“I was constantly running in and out of the house looking” to place plants where they would best be seen from indoors and out, he explained.

In addition, plants are placed to create different visual experiences when viewed from different angles and all the space is used, including vertical space. Variegated euonymus scrambles up some tree trunks. Elegant Japanese hydrangea vine scales others, and covers itself with lacy white flowerheads in summer.

Mixing It Up

The garden has lots of shade, but it’s never boring, according to Mr. Biercuk. The forms and textures of the plants are the basic building blocks of the design, and foliage is paramount. Mr. Biercuk uses lots of variegated foliage in the shadiest areas to light up the dim places and he likes to juxtapose plants with subtle differences in coloration so he can compare them. On one side of the house grow three large aucuba shrubs, which are typically used as houseplants. One variety is Gold Dust, its leaves spotted with yellow. Next to it is Picta, also gold spotted, but with bigger yellow splotches in the center of each leaf. Behind them is a less common form that has solid green toothed-edged leaves and red berries from winter into spring. Elsewhere, a small-leaved euonymus (Moon Shadow) whose deep green leaves have light yellow centers climbs a tree behind Pieris variegata, more commonly known as andromedas, with white-edged leaves.

Rocks are also important in Mr. Biercuk’s garden. There are stacked stone retaining walls that create terraced planting beds, stone steps on slopes and artfully placed lava rock boulders throughout the garden. The owner/designer placed them, all 35 tons of them, by hand with the help of a lone garden cart. And Mr. Biercuk had very specific ideas about what he wanted to see when he was finished, regardless of how much back-breaking work was involved to achieve it.

“One day I had done 15 feet, and I stepped back and I looked at it and it just didn’t work, it just was wrong,” he said. He ripped the whole thing out and started over.

Pleasing All the Senses

Fragrance is another essential component of the Biercuk garden. It is full of luscious scents from spring through fall. The diminutive evergreen shrub Skimmia starts perfuming the air along the walk to the front door in early spring, followed by the wonderfully sweet, light scent of Daphne odora, another compact shrub. There are fragrant azaleas, too, and daffodils, and as spring becomes summer, anise tree adds its warm licorice note to the mix, Mr. Biercuk said. In summer, there are sweet gardenias in pots—plus one that remarkably has survived three Wainscott winters in the ground—Koreanspice viburnum (Viburnum carlesii), and Casa Blanca lilies with their intense, heady perfume. Autumn brings Clerodendrum, and one of Mr. Biercuk’s favorites, Osmanthus heterophyllus ‘Goshiki,’ also known as holly olive or false holly, in October, “when,” he says, “it’s delightful to have this fragrance because you can’t see the flowers.” Visitors stop in their tracks searching for the source of the delicious scent.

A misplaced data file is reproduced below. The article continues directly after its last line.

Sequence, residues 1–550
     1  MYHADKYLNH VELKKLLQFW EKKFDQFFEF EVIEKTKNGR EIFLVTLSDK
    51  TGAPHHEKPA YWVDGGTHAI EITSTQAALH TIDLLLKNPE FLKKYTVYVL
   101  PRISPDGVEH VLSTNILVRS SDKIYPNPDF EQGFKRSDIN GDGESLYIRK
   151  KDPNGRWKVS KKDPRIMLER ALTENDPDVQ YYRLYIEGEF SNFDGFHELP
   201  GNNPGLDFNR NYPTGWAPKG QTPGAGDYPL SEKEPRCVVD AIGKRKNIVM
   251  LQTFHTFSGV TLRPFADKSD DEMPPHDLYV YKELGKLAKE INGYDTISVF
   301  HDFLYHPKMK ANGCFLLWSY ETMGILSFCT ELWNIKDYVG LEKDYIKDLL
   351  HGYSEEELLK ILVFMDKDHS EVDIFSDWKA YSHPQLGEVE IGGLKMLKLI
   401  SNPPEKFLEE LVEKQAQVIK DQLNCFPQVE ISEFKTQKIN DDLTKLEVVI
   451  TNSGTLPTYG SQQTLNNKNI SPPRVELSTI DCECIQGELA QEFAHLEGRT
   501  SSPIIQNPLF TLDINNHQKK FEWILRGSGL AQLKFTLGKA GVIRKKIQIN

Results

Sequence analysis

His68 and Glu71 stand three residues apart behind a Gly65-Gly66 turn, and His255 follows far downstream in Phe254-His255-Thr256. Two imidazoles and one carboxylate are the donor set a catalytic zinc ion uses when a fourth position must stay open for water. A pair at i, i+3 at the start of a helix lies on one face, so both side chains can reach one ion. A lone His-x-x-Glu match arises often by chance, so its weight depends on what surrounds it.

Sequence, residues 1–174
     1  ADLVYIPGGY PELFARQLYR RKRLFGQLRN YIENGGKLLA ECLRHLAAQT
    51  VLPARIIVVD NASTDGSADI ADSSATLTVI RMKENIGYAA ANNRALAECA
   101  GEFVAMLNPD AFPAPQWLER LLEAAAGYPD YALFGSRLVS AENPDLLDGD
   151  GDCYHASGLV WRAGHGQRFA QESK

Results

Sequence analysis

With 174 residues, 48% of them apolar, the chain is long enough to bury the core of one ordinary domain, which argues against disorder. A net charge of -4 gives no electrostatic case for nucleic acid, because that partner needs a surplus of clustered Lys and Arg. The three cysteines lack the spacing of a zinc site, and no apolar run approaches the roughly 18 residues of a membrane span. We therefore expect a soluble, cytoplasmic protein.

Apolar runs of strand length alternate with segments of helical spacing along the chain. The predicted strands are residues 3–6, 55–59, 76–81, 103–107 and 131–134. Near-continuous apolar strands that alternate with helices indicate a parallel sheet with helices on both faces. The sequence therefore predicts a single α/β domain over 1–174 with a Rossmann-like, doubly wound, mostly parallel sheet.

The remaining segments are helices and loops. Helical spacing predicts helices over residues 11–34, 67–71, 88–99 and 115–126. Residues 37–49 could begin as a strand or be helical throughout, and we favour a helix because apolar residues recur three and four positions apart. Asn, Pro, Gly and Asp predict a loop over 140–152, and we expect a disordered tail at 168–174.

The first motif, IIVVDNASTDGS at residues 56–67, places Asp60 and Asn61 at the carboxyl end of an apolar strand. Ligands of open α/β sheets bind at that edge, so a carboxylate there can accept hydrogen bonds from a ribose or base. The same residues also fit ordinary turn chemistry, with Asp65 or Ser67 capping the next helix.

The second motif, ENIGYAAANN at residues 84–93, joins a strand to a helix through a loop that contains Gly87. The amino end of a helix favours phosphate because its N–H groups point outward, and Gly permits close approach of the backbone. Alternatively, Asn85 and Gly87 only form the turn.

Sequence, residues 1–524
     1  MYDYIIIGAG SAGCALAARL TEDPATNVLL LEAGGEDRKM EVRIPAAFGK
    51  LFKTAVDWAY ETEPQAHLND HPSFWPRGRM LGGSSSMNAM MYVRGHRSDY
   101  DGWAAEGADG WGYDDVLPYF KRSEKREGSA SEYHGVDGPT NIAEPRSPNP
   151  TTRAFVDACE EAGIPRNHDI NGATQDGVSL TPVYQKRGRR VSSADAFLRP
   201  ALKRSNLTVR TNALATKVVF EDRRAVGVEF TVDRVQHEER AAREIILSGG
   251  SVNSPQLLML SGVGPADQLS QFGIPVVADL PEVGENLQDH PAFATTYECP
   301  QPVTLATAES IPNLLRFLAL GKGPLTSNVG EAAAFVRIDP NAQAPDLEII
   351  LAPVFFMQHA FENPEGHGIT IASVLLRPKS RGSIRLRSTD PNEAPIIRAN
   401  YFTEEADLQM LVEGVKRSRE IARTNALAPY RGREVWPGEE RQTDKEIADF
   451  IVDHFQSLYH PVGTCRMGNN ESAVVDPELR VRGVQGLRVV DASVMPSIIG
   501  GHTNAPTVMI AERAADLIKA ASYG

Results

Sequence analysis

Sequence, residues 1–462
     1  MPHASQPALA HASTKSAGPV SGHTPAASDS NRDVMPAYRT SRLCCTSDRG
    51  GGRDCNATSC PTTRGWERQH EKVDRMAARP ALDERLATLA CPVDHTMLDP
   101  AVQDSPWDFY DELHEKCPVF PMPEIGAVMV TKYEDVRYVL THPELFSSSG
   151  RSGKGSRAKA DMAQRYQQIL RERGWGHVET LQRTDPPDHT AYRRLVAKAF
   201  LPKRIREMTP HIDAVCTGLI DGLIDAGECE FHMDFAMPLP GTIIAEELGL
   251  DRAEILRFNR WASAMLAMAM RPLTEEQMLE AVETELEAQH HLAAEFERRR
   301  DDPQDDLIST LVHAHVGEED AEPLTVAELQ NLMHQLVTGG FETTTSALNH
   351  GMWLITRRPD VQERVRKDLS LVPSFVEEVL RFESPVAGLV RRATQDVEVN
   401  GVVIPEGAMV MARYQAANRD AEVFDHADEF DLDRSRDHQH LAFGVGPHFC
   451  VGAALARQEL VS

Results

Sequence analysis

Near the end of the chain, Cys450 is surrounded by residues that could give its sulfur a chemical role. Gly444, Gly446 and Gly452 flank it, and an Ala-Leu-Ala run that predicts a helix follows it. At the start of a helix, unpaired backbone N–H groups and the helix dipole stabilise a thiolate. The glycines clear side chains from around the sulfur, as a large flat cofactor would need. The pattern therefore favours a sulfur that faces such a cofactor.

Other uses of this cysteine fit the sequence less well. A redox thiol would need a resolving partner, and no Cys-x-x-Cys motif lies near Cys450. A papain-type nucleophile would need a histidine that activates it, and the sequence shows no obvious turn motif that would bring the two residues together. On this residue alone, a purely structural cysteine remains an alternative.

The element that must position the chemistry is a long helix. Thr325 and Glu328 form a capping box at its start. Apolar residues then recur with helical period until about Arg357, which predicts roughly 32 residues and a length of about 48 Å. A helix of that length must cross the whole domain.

Color is a key part of any garden, and Mr. Biercuk’s has plenty. Besides the many variegated-leaved plants, there are shades of pink on one side, orange on the other, and lots of white to blend them. Mr. Biercuk put lots of orange around the swimming pool (a rock-edged beauty with a waterfall) to impart a feeling of warmth. In summer there are swaths of pink Begonia grandis and carpets of mostly white impatiens through the beds. There are peonies (which he plants in honor of “the grandmother I never knew”), irises, hydrangeas (Blue Billow is his favorite), summer phlox, abelia, honeysuckle, azaleas and rhododendrons, including the show-stopping Taurus with its stunning flowers of pure, clear red.

Lots of the color comes from foliage, including heucheras. Mr. Biercuk thinks peachy golden Caramel is the toughest and best variety. “Forget Amber Waves,” he declares. “It’s useless. It rots. Caramel is the one!” There are purple-leaved barberry, golden boxwood and dramatic black mondo grass, too.

Many of the plants in the garden were gifts, or began as cuttings or volunteer seedlings from the gardens of friends and family. Others were 
happy accidents, like the unlabeled azalea he found for 99 cents at a Frank’s Nursery that turned out to have extremely fragrant flowers he laughingly describes as “screaming bubble gum pink.”

But wherever the plants come from, they all have to earn their place. He especially values plants that are interesting in all seasons.

“Plants have to work,” Mr. Biercuk says firmly, “earn their keep.”